Teams from Vanderbilt University Medical Center and the University of Michigan design a comprehensive study that integrates multiple analytic approaches that has linked a regulatory gene network and functional defects in insulin-producing pancreatic beta cells to type 2 diabetes.
smart watch on wrist
Health Lab
Clinical smart watch finds success at identifying atrial fibrillation
A Michigan Medicine research team developed a prescription wristwatch that continuously monitors the wearer’s heart rhythm and uses a unique algorithm to detect atrial fibrillation. The clinical-grade device, called the Verily Study Watch, proved very accurate at identifying atrial fibrillation in participants.
sketched out bacteria in a dish yellow and blue colors of U-M
Health Lab
This gross mixture has big benefits for the study of bacteria
Michigan Medicine researchers have found that growing bacteria on agar mixed with organs is an efficient and effective way to study infectious pathogens.
three pharmacists smiling
Health Lab
An innovative pharmacy service for pain management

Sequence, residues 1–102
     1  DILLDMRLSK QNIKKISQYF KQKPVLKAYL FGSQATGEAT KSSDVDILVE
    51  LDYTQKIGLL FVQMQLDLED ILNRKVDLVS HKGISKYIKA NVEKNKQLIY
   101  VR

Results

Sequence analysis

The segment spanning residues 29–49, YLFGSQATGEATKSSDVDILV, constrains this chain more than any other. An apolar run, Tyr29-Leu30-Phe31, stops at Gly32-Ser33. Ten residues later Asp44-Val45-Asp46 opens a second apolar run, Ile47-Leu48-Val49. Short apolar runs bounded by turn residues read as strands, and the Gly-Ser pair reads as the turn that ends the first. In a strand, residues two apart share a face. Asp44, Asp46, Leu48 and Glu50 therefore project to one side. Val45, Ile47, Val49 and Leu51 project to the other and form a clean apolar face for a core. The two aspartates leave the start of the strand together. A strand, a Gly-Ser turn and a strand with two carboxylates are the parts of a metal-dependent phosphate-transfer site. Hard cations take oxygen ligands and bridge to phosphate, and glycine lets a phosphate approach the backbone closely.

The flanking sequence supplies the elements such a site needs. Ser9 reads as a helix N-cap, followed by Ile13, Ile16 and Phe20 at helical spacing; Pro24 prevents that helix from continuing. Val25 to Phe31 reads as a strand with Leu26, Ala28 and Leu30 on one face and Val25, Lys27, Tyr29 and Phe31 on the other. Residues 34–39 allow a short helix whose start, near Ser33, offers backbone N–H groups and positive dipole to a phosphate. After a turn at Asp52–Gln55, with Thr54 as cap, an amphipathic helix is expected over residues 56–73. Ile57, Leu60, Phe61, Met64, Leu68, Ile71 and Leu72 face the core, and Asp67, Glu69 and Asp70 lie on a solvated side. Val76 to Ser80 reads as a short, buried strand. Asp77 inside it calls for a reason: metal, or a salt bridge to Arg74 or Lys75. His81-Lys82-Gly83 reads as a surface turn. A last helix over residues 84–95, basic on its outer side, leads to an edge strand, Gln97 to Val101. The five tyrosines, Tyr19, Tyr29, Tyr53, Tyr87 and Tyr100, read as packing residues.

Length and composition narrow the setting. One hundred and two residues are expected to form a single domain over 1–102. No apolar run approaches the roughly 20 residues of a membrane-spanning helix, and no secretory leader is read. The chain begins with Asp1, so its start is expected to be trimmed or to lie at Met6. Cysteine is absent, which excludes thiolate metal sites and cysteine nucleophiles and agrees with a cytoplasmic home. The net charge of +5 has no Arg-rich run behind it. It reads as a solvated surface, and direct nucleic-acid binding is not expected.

An innovative service at Michigan Medicine offers pain management support for patients and care teams
patient giving paperwork and person saying no with hand graphic moving teal white grey navy orange
Health Lab
Why new patient paperwork isn’t just busy work
While it’s easy to overlook doctor's office questionnaires, that paperwork actually serves a vital role in better understanding how to treat you. Called patient reported outcomes, this information gives medical specialists insight into how treatments truly impact you as a patient.
green blue map of michigan
Health Lab
How does exposure to ‘forever chemicals’ impact your cancer risk
Pearce, professor of epidemiology at the School of Public Health and co-lead of Rogel’s cancer control and population sciences program, reflects on the project and why bringing this study to Michigan is so critical.